Archive for compassion

Discover what science can teach us about Love. What do you believe our hearts hold? A crucial link that connect our soul to feel love and compassion

Posted in 2014 with tags , , , , , , , , on February 17, 2014 by theboldcorsicanflame


Why did Kathy Magliato decided to be a heart surgeon? What tangible and intangible evidence did she find while operating on her patients? Turns out that the answer is simpler than we may think…

Kathy finds amazing connections between the heart and the brain. Our emotions are the crucial link that connect our soul to feel love and compassion. See what she has to say about living each heartbeat to the fullest! 

The Many Faces of Compassion

Posted in 2013 with tags , , , on August 18, 2013 by theboldcorsicanflame

The Dalai Lama once said: “Love and compassion are necessities. They are not luxuries. Without them, humanity cannot survive.” Anthropologist, author, teacher and Zen priest, Joan Halifax, takes that statement a bit further: “…it is not only humanity that won’t survive, it is all the species on the planet…It is the big cats, and it’s the plankton.”

On this planet, Dogs have more Compassion than Human Beings

Posted in 2013 with tags , , , on August 18, 2013 by theboldcorsicanflame

Warning* Graphic footage – This is tough to watch, but it is a side by side comparison of both events to hopefully put things into perspective.

While it’s true that animals in nature can be vicious towards each other as well…The point is that animals CAN have compassion and Humans CAN be void of it.

Remembering Kindness 41 Years Later

Posted in Uncategorized with tags , , , , on November 5, 2011 by theboldcorsicanflame

Daily Good: Unexpected Gestures Of Compassion / Be kind whenever possible. It is always possible. – Dalai Lama –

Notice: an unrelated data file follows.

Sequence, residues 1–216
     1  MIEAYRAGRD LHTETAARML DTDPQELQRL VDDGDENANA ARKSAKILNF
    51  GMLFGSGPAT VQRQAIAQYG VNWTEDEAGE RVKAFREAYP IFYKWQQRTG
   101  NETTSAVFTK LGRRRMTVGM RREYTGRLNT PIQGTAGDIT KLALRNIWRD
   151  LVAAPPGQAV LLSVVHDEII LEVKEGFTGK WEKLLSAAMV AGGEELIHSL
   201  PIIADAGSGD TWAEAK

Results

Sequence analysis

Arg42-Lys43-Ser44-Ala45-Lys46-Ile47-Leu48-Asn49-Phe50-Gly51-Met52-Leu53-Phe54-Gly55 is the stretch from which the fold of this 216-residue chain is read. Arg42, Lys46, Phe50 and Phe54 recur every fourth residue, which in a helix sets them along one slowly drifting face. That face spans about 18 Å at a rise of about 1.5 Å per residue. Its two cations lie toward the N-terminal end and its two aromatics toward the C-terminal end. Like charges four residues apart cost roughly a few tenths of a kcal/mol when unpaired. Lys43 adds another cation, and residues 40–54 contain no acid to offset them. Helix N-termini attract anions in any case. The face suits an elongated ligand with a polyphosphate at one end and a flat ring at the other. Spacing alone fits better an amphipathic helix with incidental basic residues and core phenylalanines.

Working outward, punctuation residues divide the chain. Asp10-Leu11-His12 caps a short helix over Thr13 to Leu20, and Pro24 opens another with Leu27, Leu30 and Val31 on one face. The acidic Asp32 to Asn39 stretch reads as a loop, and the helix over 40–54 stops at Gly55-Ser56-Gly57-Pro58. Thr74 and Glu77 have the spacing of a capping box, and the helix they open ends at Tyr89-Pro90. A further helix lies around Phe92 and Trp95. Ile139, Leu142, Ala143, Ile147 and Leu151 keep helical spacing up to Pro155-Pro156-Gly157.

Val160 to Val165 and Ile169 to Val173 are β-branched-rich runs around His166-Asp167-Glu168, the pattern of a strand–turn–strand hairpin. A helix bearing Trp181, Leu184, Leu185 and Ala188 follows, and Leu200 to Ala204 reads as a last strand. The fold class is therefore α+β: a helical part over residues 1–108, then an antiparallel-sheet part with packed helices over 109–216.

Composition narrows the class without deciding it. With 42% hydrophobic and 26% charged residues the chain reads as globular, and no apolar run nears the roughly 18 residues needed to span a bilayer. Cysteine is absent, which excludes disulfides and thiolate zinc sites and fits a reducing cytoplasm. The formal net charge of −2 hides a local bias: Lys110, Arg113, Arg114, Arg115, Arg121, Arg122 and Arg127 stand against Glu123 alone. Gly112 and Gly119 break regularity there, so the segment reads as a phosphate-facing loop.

Posted in Uncategorized with tags , , on September 22, 2011 by theboldcorsicanflame


Instead of being a day I would like to forget as soon as possible, somehow, today became a day where I experienced the most incredible gesture of compassion that I’m pretty sure I’m going to want to remember for a long time…

I live in London and I was on my way to visit my cousin in Wales. I was driving on the motorway at around 70 mph when somehow (probably black ice on the road), I lost control of my car. I was involved in a scary collision with a truck and then a smaller car. The smaller car had a family in it with three young children. Through some incredible good luck no one was seriously hurt but the experience was very frightening.

There was so much smoke that my first thought was to just get out of my car as fast as I could. I could hear the children from the car behind me screaming and crying as I was trying to claw my way out of my car. When I got out, I could see their mum was frantically trying to comfort her shaking crying children and move them away from the smoking cars at the same time. I kept thinking ‘oh my god, these children are so young’ and I felt so bad about colliding with them.

I thought that the parents would probably be so angry and upset at me. But instead of being angry the mum simply said to me ‘Come here. You need to join in our hug’.

Really? It was such a wonderful, warm gesture from someone whose family had just been hit by me! I can’t tell you how moved I was by that. And how much better I felt afterwards.

Whilst this was happening, the father was trying to get the children’s coats out of the back of his car because it was freezing. He didn’t see what had happened but when he came back, he asked me if I was okay and then gave me a hug too! I couldn’t believe it! I remember thinking how lucky those children were to be bought up by such amazing parents who would comfort a stranger in the middle of their own fear and panic. To find compassion in a moment like that is truly incredible. Later, I overheard them telling their children that the important thing to focus on was that they were all okay and unhurt and then they had a big family group hug… wow!